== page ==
The Rastafarian Movement is actually a monotheistic religion that was founded in the West Indies. It is based on the ideas of Marcus Garvey which call for a return to Africa of all black people and the establishment of a country governed solely by black people. Rastafarians identify themselves with the Israelites, or Chosen People, of the Old Testament. Ethiopia is considered the promised land, and all other countries outside Africa are termed Babylon, a place of exile. They follow a number of the biblical Old Testament laws, interdicting pork, shellfish, milk, coffee, and salt. However, some of their beliefs diverge sharply from other religious practice such as the use of marijuana and cannabis as a religious sacrament.
The principles of the Rastafarian movement are a conflation Abrahamic biblical tradition and a range of black power philosophies, most notably those found in black separatism, Black Nationalism, and Pan-Africanism. It also looked back to the Maroons and the 19th century religious movement Bedwardism for inspiration. These disparate sources were consolidated into the Rastafarian Movement when Haile Selassie’s ascended to the Ethiopian imperial throne in 1930. Adherents of the Rastafarian Movement understood this to be the fulfillment of a prophecy promulgated in 1927 by Marcus Mosiah Garvey, whose ideas are considered a formative influence on the Rastafarian Movement.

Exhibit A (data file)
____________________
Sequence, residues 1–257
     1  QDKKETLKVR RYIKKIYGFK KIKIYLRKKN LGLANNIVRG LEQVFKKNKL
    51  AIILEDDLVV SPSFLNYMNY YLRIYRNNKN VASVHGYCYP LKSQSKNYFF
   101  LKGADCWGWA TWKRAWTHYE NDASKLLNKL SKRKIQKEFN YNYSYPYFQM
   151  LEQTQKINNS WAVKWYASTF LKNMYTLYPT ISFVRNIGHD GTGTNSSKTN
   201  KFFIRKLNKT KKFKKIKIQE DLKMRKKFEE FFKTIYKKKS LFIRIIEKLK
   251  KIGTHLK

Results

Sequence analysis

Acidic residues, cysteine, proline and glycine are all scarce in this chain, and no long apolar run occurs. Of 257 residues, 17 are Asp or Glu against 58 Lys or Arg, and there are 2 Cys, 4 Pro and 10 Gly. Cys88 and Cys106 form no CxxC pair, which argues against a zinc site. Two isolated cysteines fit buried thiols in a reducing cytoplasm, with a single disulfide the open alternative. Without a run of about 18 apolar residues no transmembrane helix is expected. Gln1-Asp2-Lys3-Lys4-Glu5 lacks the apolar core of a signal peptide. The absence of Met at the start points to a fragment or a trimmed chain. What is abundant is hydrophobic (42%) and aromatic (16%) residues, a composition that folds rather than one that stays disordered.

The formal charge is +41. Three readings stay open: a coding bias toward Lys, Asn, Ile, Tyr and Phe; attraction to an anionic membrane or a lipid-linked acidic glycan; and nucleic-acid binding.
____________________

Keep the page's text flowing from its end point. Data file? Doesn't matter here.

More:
In 1927, Garvey had prophesised, "Look to Africa, for there a king shall be crowned." With Selassie on the Ethiopian throne, Rastafarians understood the prophecy had come to pass. Selassie, the Rastafarians believe, was the second incarnation of the god Jah, who came to earth a second time after the teachings of his first temporal manifestation, Jesus Christ, were corrupted by the iniquities of Babylon. Despite his death in 1975, many Rastafarians believe that Selassie still lives and one day will return to bring his followers to Zion.
Today, the Rastafarian Movement has approximately one million followers world-wide. In the 1970s the movement found new followers among fans of Reggae music, especially those of pop star Bob Marley. It is considered a more liberal, loosely structured religion than others in the Abrahamic tradition, and some followers insist it is more a way of life than a religion, as is evidenced by the movement finding adherents among nations as diverse as Japan, Russia and indigenous New Zealanders, the Maoris. However, common to all these Rastafarian groups is the use of cannabis, the wearing of dreadlocks, and the colors red, green and gold.